"THE MEMORY OF JESUS IS BOTH SACRED AND SUBVERSIVE"
Friday, 16 August 2013
THE ROMAN CATHOLIC NEOCATECHUMENATE CULT
Psychological underpinnings in the Neocatechumenate community
Report by Professor Alberto Picano
Psychiatrist at San Camillo Hospital in Rome
KIKO - FOUNDER
I would like to thank you for inviting me here, even if it's about something not so pleasant. This is about something that has created many bitter and painful divisions and has presented the problem of integrating many brothers and sisters. The problem, in fact, doesn't lie in Kiko and Carmen, but in the many, many people who hold a sincere belief and are unaware of the problematic issues. Anyhow, the problem should be confronted with love; we have to make an effort to love.
I have opened my life to the service of God (even my psychiatric duties), even though around me, Christianity is considered to be a heresy. I have always obtained extraordinary results because I have also tried to help others with grace. I support the Pope, I believe in the Catholic Church, I've been a volunteer, and I'm involved in a missionary association.
For twenty years, my mother has been a member of the Neocatechumenal Way, but my father didn't become a member. For this reason they were totally separated up until his death. I suffered tremendously and I have found it impossible to accept many of the things that have happened because they were things that go against my Faith. Another example, I was thrown out of the house even though I was a doctor and a successful person. I had been told by a catechist and by a psychiatrist in the Movement these very words: "We have bound your mother to obey and we have ordered her to throw you out of the house." A cloud of pain came down upon me and I left in grief. This allowed me to reflect on the things underlying this movement. The Lord has allowed this and now he has sent me many patients who are Neocatechumenate; with me they feel accepted and understood because I'm very familiar with the situation.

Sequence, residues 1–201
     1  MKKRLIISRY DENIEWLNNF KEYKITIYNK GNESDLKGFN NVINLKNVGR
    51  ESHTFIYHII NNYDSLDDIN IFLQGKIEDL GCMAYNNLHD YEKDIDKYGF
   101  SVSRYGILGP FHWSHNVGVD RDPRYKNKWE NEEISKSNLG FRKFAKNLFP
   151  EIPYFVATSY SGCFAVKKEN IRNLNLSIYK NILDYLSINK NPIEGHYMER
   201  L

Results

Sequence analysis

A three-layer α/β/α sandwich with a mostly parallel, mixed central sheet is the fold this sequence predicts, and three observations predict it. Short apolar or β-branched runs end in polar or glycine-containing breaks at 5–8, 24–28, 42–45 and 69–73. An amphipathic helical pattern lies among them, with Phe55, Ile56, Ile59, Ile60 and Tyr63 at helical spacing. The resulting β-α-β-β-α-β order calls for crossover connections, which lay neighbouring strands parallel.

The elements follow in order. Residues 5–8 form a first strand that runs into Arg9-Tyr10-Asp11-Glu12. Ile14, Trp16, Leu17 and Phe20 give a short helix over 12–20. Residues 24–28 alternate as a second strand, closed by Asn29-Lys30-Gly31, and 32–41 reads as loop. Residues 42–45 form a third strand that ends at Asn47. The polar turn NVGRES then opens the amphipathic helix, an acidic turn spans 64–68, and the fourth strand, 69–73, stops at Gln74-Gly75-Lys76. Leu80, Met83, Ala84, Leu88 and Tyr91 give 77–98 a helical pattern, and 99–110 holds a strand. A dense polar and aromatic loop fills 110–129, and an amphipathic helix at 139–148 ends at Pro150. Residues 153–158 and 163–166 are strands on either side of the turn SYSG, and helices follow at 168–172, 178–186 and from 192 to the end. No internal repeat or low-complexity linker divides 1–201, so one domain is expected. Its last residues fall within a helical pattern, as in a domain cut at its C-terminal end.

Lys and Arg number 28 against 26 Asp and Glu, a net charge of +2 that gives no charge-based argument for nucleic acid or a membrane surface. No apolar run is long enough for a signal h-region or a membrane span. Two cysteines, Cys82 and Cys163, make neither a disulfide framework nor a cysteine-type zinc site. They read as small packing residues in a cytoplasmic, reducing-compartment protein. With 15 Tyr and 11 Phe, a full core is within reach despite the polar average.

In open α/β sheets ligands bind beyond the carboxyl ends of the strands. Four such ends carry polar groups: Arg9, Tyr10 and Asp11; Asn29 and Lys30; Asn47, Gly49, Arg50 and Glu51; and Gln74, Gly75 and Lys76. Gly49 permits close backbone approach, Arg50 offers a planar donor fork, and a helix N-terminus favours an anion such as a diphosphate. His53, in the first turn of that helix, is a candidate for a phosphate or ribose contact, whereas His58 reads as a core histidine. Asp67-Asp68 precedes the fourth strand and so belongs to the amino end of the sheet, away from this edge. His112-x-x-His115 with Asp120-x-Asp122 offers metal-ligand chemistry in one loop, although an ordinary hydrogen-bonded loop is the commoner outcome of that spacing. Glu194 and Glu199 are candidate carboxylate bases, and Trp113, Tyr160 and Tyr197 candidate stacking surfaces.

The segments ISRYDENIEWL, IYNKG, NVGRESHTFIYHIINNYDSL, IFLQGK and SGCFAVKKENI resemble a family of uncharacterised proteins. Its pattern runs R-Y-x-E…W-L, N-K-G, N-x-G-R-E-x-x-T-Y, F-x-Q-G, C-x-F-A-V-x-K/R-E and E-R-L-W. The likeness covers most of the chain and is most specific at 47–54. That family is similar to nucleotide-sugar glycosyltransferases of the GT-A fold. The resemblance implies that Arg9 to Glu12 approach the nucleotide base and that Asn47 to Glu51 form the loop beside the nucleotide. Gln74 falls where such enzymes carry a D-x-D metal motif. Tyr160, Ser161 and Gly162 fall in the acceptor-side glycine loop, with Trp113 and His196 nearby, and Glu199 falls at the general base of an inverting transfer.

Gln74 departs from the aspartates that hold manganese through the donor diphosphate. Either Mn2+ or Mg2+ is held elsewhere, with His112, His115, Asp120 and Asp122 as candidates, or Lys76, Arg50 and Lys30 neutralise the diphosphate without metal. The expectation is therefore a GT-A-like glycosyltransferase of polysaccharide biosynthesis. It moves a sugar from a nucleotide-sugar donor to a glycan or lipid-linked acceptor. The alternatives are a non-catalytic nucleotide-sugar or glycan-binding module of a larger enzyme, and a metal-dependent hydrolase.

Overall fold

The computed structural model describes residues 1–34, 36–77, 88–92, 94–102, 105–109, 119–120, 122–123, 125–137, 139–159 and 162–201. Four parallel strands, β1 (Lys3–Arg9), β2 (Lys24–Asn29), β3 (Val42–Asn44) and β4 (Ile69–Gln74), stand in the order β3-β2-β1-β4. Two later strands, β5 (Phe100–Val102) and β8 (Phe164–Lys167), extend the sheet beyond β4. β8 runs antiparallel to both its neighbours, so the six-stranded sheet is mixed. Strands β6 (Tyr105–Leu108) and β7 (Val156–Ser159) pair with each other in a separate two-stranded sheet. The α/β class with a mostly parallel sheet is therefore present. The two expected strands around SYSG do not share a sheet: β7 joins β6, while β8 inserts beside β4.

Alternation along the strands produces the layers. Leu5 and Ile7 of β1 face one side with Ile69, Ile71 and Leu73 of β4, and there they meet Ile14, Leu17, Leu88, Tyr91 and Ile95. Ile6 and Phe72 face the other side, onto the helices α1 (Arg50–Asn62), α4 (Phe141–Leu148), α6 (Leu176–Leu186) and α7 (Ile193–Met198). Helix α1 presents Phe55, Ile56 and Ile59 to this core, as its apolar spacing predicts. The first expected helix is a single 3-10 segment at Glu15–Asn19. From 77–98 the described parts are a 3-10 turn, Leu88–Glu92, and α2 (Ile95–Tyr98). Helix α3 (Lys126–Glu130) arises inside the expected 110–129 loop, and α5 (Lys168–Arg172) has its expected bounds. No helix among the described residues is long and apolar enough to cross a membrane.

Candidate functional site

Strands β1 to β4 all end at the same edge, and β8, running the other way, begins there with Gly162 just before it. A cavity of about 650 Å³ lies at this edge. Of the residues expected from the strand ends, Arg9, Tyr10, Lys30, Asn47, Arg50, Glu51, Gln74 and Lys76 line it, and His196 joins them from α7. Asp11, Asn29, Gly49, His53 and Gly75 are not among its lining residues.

Breakup of the Family
The first problem is the separation of the family. If there is one person, for example, a spouse who is a Neocatechumen and the other isn't, this becomes irreconcilable because the sociological, grassroots structure for the Neocatechumenate is the community and not the family.
The family isn't a human institution. It's something sacred and is recognized to have been in the life of Jesus - even He was someone who needed family. It's an observable fact! Jesus was of the family even while He still belonged to the life of the Father (see the fifth joyful mystery where happiness didn't come so much from finding his Son [in the temple], as much as it did from having recognized the duplicity of nature. That is, the Son belonged to God the Father before he belonged to his parents). But this is always true: God was the one who wanted the family structure. Therefore, the family's existence has the right to come before the community structure.
Now in the community there is a situation of absolute obedience to the catechists (this was described before. Their manner is prophetic since it's inspired by God). A different definition of roles exists. Single families don't exist anymore, instead, a large family gathers all the members from various families and then within this big family the various roles of parents and children are defined. This is very similar to what occurs in the Jewish kibbutz. Here, because of the exigencies of this way of life - the needs for protection and for work to be done, children are the children of all the parents and all the parents are parents to all the children. There are many analogies between this pedagogic system and the family structure of the Neocatechumenate community where authority is vested in the catechist and not in the father.
This family structure in the community, however, brings with it a whole host of bigger problems. There are pathologies which crop up within the community. It can be proven that the authority figure of the catechist is nothing other than the manifestation of the desire for supremacy and control. These desires are manifested in a structure which gives greater doctrinal competence and jurisdiction to certain people who are then able to wield their power.
When competition breaks out between a man and a woman in this system, paradoxical situations result. You can find Neocatechumenal couples (man-woman) who in reality are the fathers-parents of the communal family. An emotional relationship can take on sexual connotations (not in the sense of there being any physical relations), but in the sense that the two become the father and mother of a large extended family.